An experiment with BitTorrent Sync

I’ve been finding more applications for BitTorrent Sync, which is a peer-to-peer file sharing utility that works much like Dropbox, without storing the files on a central server.

I’ve been looking for a reliable way to back up the S3 bucket that serves the content for I want to maintain a copy on one of my servers and desktop computer. I’m also working with a university library to create a permanent archive of the site. That’s an interesting project because the site is changing all the time, as I add new blog posts, so we need a sync protocol, not to just save off a snapshot.

Chuck Shotton suggested using BitTorrent Sync, and I set it up and it’s really nice. As an experiment, I want to share this content with anyone who reads this site.

For new BT Sync users

  • Download and install BitTorrent Sync.
  • Launch the app.
  • This dialog should appear.
  • Click on the I Have a Secret radio button, and enter this string below it.
  • In the next dialog, choose a folder where the contents of will be stored.
  • As soon as you click Next, BTS will start downloading the archive.

If you already have BT Sync

  • Click on the Folders tab in the BitTorrent Sync app.
  • Click the + icon in the lower left corner of the window.
  • A dialog opens.
    • A picture named addFolderDialog.gif
  • Where it calls for you to enter a “secret key” enter this string:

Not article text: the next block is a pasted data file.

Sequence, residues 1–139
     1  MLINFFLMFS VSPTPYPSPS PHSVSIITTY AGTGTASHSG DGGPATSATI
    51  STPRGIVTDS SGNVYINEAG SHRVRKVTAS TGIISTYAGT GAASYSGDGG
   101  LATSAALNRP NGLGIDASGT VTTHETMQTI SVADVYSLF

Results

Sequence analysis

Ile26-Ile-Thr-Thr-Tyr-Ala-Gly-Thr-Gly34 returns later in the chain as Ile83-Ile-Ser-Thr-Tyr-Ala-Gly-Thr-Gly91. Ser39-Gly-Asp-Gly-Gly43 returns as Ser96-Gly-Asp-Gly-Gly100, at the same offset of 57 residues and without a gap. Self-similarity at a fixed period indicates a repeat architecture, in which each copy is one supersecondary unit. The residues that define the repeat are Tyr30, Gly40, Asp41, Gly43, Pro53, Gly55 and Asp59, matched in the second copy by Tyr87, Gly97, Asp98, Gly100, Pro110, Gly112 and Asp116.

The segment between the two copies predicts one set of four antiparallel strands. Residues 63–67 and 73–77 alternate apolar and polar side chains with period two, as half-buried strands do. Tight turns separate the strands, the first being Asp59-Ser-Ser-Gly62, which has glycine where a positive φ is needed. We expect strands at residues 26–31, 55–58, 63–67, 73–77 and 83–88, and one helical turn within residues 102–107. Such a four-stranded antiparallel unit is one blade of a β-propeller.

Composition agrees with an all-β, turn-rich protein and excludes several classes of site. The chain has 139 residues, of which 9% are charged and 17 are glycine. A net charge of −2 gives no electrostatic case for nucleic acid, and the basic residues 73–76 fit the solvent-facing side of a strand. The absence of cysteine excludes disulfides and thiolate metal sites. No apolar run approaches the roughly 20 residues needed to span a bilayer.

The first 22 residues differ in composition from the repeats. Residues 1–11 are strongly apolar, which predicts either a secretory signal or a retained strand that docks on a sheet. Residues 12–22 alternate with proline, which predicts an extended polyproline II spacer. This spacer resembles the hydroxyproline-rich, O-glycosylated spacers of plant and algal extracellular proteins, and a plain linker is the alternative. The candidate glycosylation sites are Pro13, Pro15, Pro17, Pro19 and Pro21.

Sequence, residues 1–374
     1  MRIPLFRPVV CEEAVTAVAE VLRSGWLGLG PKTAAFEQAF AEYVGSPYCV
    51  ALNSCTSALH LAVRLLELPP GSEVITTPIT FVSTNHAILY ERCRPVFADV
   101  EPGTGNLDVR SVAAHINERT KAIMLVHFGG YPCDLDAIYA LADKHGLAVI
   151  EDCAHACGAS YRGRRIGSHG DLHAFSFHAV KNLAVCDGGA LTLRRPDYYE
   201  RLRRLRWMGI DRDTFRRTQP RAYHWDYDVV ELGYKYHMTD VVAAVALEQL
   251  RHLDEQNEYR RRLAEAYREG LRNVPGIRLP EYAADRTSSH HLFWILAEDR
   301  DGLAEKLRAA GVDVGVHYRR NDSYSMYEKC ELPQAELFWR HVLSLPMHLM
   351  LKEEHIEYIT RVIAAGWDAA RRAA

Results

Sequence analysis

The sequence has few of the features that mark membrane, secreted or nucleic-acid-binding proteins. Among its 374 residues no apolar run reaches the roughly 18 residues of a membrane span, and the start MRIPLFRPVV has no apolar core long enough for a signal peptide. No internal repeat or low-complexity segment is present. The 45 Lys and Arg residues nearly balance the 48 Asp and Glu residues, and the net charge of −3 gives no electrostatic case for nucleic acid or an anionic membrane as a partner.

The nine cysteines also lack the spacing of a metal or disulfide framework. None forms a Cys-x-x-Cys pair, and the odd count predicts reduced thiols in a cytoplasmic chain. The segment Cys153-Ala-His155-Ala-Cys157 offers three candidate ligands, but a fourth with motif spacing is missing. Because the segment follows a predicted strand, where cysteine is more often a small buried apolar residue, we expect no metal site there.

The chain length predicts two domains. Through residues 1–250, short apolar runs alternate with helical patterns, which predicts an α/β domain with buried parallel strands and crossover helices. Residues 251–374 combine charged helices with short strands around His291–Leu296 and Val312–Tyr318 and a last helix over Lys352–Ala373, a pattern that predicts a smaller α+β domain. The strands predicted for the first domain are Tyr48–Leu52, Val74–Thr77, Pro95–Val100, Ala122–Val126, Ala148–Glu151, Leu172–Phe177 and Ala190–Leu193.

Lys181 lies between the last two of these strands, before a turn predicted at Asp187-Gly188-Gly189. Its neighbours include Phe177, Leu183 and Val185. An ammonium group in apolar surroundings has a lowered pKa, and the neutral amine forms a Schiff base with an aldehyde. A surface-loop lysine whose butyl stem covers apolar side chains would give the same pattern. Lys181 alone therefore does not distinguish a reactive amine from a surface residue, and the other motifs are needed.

• Choose a location for the folder to receive the content of
  • Click OK.

What will happen

  • There may be a delay of a minute or two before it starts downloading the content.
  • You can see the progress in the History panel.
  • It takes about 50 minutes to download the full contents of the folder, which is 2.2GB with 71,819 files.

Update #1

  • It’s pretty cool, 10 people have hooked into the BitTorrent Sync archive for this site.
  • When I post this update, they will all get updates to this file, and to its parents.
  • Let’s see if it works! 🙂

About Dave Winer

Dave Winer, 54, pioneered the development of weblogs, syndication (RSS), podcasting, outlining, and web content management software; former contributing editor at Wired Magazine, research fellow at Harvard Law School, entrepreneur, and investor in web media companies. A native New Yorker, he received a Master's in Computer Science from the University of Wisconsin, a Bachelor's in Mathematics from Tulane University and currently lives in Berkeley, California.
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